REBOL Technologies

Defining the REBOL source license

Carl Sassenrath, CTO
REBOL Technologies
4-Oct-2012 6:39 GMT

Article #0512
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There's been some concern and discussion over what source license to use for R3. I proposed GPL v2, but maybe that's not the best choice?

Let me explain what I want and let's figure out what will fit or how to shape a license that meets my requirements.

Think of the source license in terms of being a fair trade:

  1. You're going to receive a powerful software system, the results of many years of labor and expense. It won't cost you anything (it is gratis), and you can use, distribute, and embed it however you want (it is libre) -- even for commercial uses.
  2. In return, when you make improvements to that system, you agree to send them back, and if I decide to include them in future distributions, they can be used gratis and libre, not only by me, but by everyone else.
  3. Of course, if you write applications in R3, those do not need to be sent back. You can keep those private, make them commercial, or whatever. You keep all the rights to your application.
  4. Also, if you make extensions (independent modules) to the system, you are not required to send them back. You can keep those private if you want. (Details below.)

So, this is the exchange: You get something; I get something; the whole community gets something. And, if any of us wants to make and sell commercial products, we can do so without any serious hindrance.

Definition of "improvements":

By improvements, I mean enhancements, optimizations, fixes, and porting (to other systems) of the R3 native kernel system - the source work that is licensed to you. For example, if you figure out a way to double the execution speed of the interpreter, you would be obligated to send that back. If you make improvements and do not send them back, then the license is revoked, and you retain no rights to use or distribute R3.

Definition of "applications":

Code that you develop that exists outside of the R3 native kernel system is excluded from the license. That is, I have no fair trade claim to scripts, functions, applications, or services you create that use R3. (Even if "encap'd" into the same binary file.) For example, you write a popular social media system, it's yours. You can keep it private, make it commercial, and do whatever you want with it.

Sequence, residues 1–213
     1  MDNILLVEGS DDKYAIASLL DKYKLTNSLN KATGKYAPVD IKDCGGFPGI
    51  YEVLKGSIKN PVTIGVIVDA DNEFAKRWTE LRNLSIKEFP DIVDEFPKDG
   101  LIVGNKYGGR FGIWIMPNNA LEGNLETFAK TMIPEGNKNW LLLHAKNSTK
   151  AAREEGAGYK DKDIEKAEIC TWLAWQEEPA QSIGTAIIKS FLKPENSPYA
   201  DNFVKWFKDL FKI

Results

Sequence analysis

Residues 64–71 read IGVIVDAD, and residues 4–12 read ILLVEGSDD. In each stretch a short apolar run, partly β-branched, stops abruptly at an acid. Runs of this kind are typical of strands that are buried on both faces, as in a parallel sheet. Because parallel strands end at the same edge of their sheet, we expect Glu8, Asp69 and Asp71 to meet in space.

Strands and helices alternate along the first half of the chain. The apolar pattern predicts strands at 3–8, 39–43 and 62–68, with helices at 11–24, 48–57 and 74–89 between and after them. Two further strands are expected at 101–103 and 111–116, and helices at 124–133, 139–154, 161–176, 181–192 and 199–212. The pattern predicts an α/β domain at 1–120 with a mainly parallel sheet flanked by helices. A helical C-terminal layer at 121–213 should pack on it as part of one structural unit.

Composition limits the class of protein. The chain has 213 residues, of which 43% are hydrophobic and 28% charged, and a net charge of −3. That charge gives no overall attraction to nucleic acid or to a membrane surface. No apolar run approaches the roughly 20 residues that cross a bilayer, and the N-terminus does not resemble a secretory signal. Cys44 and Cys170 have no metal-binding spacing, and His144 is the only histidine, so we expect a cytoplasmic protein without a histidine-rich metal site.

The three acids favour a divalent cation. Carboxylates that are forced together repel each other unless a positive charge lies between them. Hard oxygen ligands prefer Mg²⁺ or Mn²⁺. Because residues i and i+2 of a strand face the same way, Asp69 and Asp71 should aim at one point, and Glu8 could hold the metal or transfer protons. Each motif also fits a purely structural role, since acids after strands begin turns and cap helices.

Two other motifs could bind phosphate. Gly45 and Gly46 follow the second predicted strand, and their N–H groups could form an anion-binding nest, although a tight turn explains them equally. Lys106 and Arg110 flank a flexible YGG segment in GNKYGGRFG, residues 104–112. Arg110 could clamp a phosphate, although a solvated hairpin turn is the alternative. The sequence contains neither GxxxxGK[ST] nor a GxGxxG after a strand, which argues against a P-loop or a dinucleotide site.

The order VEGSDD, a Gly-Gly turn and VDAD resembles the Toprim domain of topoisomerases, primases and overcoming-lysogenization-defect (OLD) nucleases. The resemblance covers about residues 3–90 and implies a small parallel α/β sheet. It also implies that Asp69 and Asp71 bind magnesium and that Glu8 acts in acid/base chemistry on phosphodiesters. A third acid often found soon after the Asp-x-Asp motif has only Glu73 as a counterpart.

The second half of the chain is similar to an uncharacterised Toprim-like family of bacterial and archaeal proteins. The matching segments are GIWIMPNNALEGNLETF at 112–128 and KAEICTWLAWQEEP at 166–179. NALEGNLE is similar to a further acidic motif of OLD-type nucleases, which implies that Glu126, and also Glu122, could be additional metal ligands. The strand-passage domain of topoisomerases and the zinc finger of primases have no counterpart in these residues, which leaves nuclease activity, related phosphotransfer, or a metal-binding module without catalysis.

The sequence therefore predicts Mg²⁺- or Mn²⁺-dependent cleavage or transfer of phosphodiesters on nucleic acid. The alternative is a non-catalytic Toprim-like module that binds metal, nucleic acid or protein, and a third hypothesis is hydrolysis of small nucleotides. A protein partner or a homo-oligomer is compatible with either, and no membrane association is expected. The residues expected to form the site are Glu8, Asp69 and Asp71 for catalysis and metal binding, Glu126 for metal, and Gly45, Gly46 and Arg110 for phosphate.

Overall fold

Definition of "extensions":

Also excluded are modular extensions to R3. For example, if you add a streaming video player module, it is not required that you send it back. Although, I very much hope you would! However, if in order to make that module work you change how event handling works or add a video! datatype to the native system, then you would be required to send those back. Not the player module, just the kernel related improvements.

Other notes...

  1. There's also the usual liability disclaimer.
  2. You cannot alter this license.
  3. Source file headers specify the license and must remain unaltered.
  4. You cannot claim to be an author, creator, owner, copyright holder of REBOL.
  5. Also, although I've used the word "trade" above, nothing is traded, it's actually contributed. If some countries require monetary value be placed on it, then it shall be US$1.00 in total for all worldwide usage and rights. (Tell me if this works or not in your country.)
  6. What else did I miss?

So, there you go. That's the basic idea. I hope there's a popular existing license for this model. What do you think?


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